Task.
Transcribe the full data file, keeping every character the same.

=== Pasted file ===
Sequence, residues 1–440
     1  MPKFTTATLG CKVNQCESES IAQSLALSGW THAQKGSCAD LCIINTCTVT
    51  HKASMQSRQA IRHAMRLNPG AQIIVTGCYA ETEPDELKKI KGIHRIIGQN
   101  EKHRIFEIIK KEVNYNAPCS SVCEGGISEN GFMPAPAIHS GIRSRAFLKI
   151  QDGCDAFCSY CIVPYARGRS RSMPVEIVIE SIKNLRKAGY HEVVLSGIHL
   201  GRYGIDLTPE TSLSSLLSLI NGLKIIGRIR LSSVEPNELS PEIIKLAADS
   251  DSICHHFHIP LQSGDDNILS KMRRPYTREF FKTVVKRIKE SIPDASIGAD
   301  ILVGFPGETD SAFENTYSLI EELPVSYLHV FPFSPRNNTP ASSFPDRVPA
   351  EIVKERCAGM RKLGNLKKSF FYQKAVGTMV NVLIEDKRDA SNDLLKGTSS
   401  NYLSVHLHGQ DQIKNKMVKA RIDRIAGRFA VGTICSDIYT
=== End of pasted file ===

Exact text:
Sequence, residues 1–440
     1  MPKFTTATLG CKVNQCESES IAQSLALSGW THAQKGSCAD LCIINTCTVT
    51  HKASMQSRQA IRHAMRLNPG AQIIVTGCYA ETEPDELKKI KGIHRIIGQN
   101  EKHRIFEIIK KEVNYNAPCS SVCEGGISEN GFMPAPAIHS GIRSRAFLKI
   151  QDGCDAFCSY CIVPYARGRS RSMPVEIVIE SIKNLRKAGY HEVVLSGIHL
   201  GRYGIDLTPE TSLSSLLSLI NGLKIIGRIR LSSVEPNELS PEIIKLAADS
   251  DSICHHFHIP LQSGDDNILS KMRRPYTREF FKTVVKRIKE SIPDASIGAD
   301  ILVGFPGETD SAFENTYSLI EELPVSYLHV FPFSPRNNTP ASSFPDRVPA
   351  EIVKERCAGM RKLGNLKKSF FYQKAVGTMV NVLIEDKRDA SNDLLKGTSS
   401  NYLSVHLHGQ DQIKNKMVKA RIDRIAGRFA VGTICSDIYT